Myopic eye disease, also known as myopia or nearsightedness, is an eye disorder that causes distant objects to appear blurry while closer objects have a crisp and clear appearance, according to the American Optometric Association. Myopia develops when either the cornea of the eye is curved more than normal or the eyeball itself is longer than normal, as both situations cause the eye to focus incoming images in front of the retina instead of directly on it.
About 25 percent of Americans have myopia, according to the National Eye Institute. In most cases, myopia is first identified in late childhood, typically between the ages of 8 and 12. Some people with nearsightedness experience a worsening of the condition as they get older, while others don't experience significant changes in vision during adulthood. Myopia has a hereditary component, but individuals who experience frequent visual strain, such as those who work with computers all day, can also develop the condition. Having diabetes or cataracts can also cause myopia to develop or worsen.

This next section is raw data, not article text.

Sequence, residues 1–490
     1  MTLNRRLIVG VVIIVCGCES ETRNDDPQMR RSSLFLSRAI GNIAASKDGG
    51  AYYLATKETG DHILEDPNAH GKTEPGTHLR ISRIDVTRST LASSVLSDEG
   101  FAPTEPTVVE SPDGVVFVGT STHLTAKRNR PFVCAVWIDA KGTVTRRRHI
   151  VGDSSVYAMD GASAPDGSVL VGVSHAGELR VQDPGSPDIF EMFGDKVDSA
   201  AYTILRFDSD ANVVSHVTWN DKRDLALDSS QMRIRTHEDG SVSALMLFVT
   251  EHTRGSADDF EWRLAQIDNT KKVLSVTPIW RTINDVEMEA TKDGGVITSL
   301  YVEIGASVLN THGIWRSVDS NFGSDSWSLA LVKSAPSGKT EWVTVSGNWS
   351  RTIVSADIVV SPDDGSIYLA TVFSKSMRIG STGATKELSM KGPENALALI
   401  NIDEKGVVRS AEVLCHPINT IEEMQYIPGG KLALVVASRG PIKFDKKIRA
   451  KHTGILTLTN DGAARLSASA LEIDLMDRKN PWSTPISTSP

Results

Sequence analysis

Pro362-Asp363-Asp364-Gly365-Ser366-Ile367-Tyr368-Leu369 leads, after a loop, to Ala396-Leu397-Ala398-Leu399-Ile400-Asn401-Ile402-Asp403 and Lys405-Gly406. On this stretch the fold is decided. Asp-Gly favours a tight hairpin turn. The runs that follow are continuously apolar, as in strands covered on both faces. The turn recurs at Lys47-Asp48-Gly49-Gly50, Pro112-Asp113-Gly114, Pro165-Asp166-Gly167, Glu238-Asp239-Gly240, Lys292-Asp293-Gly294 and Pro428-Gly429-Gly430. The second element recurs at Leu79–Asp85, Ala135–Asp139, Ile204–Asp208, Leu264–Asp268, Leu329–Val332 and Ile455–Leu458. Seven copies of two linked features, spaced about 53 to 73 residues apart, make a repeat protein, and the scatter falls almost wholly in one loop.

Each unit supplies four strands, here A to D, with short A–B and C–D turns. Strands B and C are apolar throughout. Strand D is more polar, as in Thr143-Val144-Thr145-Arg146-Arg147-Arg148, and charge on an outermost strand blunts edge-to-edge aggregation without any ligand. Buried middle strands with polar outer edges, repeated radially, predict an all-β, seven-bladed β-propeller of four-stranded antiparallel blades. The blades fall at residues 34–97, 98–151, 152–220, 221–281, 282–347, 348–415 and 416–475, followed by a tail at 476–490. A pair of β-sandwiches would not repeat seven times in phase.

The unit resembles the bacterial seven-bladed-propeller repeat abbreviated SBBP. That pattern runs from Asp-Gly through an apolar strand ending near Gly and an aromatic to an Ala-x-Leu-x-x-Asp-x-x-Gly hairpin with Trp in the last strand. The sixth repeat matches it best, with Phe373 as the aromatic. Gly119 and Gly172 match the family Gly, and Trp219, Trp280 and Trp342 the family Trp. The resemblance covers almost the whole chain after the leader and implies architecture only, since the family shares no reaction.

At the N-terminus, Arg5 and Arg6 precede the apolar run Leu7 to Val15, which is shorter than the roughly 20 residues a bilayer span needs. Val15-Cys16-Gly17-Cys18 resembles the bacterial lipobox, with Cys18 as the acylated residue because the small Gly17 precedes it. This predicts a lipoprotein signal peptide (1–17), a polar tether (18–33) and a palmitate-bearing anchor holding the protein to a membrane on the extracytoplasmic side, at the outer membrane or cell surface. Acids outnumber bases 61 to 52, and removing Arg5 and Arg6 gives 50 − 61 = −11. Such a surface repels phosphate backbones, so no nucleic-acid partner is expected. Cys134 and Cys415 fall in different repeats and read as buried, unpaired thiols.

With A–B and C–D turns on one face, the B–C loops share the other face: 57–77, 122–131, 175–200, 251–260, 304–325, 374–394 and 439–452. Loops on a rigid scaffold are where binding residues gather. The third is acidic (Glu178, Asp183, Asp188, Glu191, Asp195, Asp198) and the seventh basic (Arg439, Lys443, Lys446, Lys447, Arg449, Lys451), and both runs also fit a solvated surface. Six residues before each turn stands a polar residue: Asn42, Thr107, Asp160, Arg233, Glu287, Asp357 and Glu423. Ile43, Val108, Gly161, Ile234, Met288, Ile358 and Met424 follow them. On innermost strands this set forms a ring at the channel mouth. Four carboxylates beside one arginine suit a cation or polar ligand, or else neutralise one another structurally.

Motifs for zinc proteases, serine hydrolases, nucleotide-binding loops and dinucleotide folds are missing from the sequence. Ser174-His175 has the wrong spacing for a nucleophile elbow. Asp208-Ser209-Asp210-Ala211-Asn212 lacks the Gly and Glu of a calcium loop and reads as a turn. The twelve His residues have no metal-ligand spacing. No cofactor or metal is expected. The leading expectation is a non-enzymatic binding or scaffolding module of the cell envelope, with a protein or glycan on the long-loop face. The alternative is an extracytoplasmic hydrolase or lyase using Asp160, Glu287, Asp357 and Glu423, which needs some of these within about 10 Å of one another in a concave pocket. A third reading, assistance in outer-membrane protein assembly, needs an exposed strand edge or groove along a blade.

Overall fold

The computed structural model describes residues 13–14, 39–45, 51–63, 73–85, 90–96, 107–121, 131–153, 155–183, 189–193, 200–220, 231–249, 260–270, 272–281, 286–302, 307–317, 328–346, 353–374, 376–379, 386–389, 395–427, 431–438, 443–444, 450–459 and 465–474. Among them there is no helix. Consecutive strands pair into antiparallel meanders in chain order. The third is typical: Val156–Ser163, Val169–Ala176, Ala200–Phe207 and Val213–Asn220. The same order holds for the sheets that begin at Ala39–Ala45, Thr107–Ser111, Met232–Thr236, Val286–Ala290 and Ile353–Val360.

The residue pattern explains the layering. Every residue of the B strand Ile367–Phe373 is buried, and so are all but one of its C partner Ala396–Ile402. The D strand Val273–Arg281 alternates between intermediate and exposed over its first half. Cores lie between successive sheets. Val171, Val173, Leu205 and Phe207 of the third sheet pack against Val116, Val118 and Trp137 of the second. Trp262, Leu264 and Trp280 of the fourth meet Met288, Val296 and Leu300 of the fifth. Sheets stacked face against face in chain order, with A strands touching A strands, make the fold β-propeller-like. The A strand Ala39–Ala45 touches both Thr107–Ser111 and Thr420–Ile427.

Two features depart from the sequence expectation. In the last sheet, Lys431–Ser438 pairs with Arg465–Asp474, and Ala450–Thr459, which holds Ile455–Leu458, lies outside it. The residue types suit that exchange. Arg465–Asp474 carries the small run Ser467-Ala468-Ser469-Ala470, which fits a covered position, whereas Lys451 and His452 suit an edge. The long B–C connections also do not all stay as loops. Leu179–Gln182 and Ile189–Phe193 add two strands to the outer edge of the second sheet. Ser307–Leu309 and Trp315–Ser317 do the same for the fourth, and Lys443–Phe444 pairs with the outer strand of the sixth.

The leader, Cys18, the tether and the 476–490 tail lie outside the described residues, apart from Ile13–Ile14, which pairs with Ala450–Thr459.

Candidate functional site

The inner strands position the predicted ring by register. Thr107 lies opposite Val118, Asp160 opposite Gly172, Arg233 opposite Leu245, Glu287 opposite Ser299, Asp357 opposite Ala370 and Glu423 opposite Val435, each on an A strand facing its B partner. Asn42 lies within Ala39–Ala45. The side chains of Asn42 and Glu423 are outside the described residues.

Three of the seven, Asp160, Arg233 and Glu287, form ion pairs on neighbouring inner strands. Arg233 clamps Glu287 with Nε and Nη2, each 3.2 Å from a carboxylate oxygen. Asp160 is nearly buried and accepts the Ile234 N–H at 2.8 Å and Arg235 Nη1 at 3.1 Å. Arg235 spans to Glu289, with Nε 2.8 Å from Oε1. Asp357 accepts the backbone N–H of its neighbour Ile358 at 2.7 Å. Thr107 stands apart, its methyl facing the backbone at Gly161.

Eyeglasses and contact lenses are used to correct for myopia and generally restore vision to normal levels. Individuals with severe myopia sometimes opt for refractive surgery or laser procedures to permanently correct the problem, according to the American Optometric Association.